Solopreneur business models abound – because every solopreneur, in a way, is their business model. Even if two solopreneurs are selling the same services, you’ll notice that they have tweaked their business models to suit their personalities, talents, and areas of forte. Not everyone is comfortable creating their products and services and marketing them the same way. A business model is about a way to make money with your area of expertise. Structuring your business to do that, given your comfort in your style, is the challenge. We’ve put together many opinions here on solopreneur business models for you to gain your perspective.
- The solopreneur business model has changed for the better over the last few years
- Solopreneurs need only be profitable enough to pay the foundersâ living expenses
- How you label the work your business does may have to evolve with your market
- Get real facts on how much you can potentially earn through your business model
- Setting out a business model is the best way to convince yourself to get started
- The conventional business scaling growth model is not the only way to grow
- Which is better â staying as a solopreneur or building it up to be a firm? It depends!
- This may be the only business model you need – use the â3×4 makes 12â rule
- Thinking of your business in the context of key functions enables a systemic model
- Whatever your business model for your solopreneurship, keep progress in perspective
- At the base of your business model is the question of how to price your offerings
- Set the boundaries of what you will allow for customers at varying levels
- We think big and try to start big – instead, think big and start small
- Solopreneurs can create great companies, but it takes a village to build scale
- Everything takes longer than expected in a business, so keep tweaking your model
- Take time to consider what business structure will work best for your situation
- The freemium model helps startups scale by attracting users without costly ads
- Business models are no longer what they used to be – only about the money
VIDEO: Kathryn Aragon, in this straightforward video, discusses “#1 Solopreneur… Is This the Business Model for You?” (Must watch: 26:11 minutes)
Kathryn Aragon is an experienced hand at solopreneurship. She explains what drew her into her solopreneur business and how she grew using a roadmap that was instinctively right for her. She asks you to question yourself before you delve in and teahes you the factorsand criteria that you can use to help you decide. She explains the simplest of solopreneur models – the professional freelancer model – and then goes on from there.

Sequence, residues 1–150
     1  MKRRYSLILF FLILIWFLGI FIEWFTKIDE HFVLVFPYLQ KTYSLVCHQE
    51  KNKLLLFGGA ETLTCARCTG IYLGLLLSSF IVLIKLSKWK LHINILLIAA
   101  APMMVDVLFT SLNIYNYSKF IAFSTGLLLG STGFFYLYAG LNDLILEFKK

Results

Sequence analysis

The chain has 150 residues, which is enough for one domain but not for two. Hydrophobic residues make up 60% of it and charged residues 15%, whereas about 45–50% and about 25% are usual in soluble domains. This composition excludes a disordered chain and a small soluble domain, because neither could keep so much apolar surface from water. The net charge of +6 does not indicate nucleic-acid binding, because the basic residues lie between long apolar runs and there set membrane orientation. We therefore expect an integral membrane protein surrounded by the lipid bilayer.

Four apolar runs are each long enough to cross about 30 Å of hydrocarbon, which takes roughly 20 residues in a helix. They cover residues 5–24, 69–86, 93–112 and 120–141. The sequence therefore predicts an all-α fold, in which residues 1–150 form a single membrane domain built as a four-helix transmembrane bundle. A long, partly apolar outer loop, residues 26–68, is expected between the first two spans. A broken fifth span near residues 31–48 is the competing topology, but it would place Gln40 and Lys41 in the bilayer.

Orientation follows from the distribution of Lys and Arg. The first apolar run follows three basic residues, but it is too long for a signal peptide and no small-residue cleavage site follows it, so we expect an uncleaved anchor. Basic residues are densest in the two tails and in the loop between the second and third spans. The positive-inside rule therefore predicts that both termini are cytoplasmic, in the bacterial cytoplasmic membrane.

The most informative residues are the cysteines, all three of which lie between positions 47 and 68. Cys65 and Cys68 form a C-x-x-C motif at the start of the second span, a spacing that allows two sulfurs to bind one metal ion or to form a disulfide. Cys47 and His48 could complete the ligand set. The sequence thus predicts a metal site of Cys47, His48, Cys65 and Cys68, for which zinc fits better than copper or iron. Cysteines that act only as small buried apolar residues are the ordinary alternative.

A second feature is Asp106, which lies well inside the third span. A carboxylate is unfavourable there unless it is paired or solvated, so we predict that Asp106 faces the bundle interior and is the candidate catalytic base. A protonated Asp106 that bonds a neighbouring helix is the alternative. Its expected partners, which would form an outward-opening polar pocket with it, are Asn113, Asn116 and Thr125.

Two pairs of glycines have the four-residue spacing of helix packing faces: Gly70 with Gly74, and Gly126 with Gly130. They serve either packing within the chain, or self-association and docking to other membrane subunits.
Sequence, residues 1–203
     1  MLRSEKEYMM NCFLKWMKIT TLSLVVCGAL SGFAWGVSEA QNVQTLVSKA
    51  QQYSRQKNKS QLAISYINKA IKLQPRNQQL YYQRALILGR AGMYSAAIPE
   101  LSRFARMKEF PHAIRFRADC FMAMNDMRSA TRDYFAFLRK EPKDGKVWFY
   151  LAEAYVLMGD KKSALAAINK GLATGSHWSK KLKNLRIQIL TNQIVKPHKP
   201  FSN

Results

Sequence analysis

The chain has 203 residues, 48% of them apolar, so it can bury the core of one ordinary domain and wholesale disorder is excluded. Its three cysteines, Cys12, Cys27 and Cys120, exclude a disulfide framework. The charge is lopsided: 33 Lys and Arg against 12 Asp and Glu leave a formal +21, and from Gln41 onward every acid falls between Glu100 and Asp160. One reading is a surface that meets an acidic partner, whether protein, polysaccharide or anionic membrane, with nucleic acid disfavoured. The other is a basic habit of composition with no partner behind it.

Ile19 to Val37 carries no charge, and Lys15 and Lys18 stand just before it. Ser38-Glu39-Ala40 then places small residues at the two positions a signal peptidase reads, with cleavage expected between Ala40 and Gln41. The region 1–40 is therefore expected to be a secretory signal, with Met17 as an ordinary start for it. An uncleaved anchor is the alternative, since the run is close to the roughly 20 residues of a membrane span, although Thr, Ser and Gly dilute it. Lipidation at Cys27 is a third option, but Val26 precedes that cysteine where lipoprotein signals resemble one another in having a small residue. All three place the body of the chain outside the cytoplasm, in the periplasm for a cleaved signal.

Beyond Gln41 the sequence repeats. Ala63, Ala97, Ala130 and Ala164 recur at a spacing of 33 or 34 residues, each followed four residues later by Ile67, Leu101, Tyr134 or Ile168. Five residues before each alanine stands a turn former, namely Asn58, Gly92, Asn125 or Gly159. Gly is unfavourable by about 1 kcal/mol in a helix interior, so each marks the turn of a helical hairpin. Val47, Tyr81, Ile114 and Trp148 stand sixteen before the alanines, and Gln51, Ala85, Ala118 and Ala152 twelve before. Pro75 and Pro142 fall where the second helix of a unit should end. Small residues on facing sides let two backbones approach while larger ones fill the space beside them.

1. The solopreneur business model has changed for the better over the last few years
Jim Galliano in the article “The Solopreneur Business Model”:
“The solopreneur business model has changed a bit over the last few years. Today, this approach to the entrepreneurial journey is as much about lifestyle as it is about income. Depending on your situation, you may be happy with x-number of dollars per year? As funny as it sounds, you may not be driven to obtain unspeakable wealth!
Most of you didnât start your business with the goal of creating a mega-corporation in from home, did you? Most of you probably arenât comping at the bit at the prospects of managing a large staff of people, either? Remember, you have to manage whatever you build or whatever you own. So, itâs worth taking the time to be brutally honest with yourself when it comes to business. What do you REALLY want to build? Are you starting to find yourself disliking what it is youâre building? Youâre not alone.
If given the choice to earn a six-figure income with no employees or just by yourself, would you take it? No, thatâs not a trick question. The solopreneur of today has more advantages than at any other time in history. With the systems, platforms, and services we currently have in place, you can literally build an agency of one. Iâm using the word âagencyâ loosely in this context.
That doesnât mean you wonât want to hire a virtual assistant or other sub-contractors on an as-needed basis. Thatâs fine. What Iâm saying is, the core of your business will just be you. And yes, youâll be able to take time off, take vacations, and live a life that doesnât revolve 24/7 around the clockwork.â
2. Solopreneurs need only be profitable enough to pay the foundersâ living expenses
Gennaro Cuofano in the article “Who Is A Solopreneur? Mastering The Ultra-Lean Business Model”:
“Serial entrepreneur and venture capitalist Paul Graham popularized the term âRamen Profitability.â As he pointed out âRamen profitable means a startup makes just enough to pay the foundersâ living expenses.â
According to Tim Ferris, another way to look at it is to find a Muse by setting up in detail the TMI or target monthly income. Tim Ferris suggests thinking in detail about your monthly cash-flows.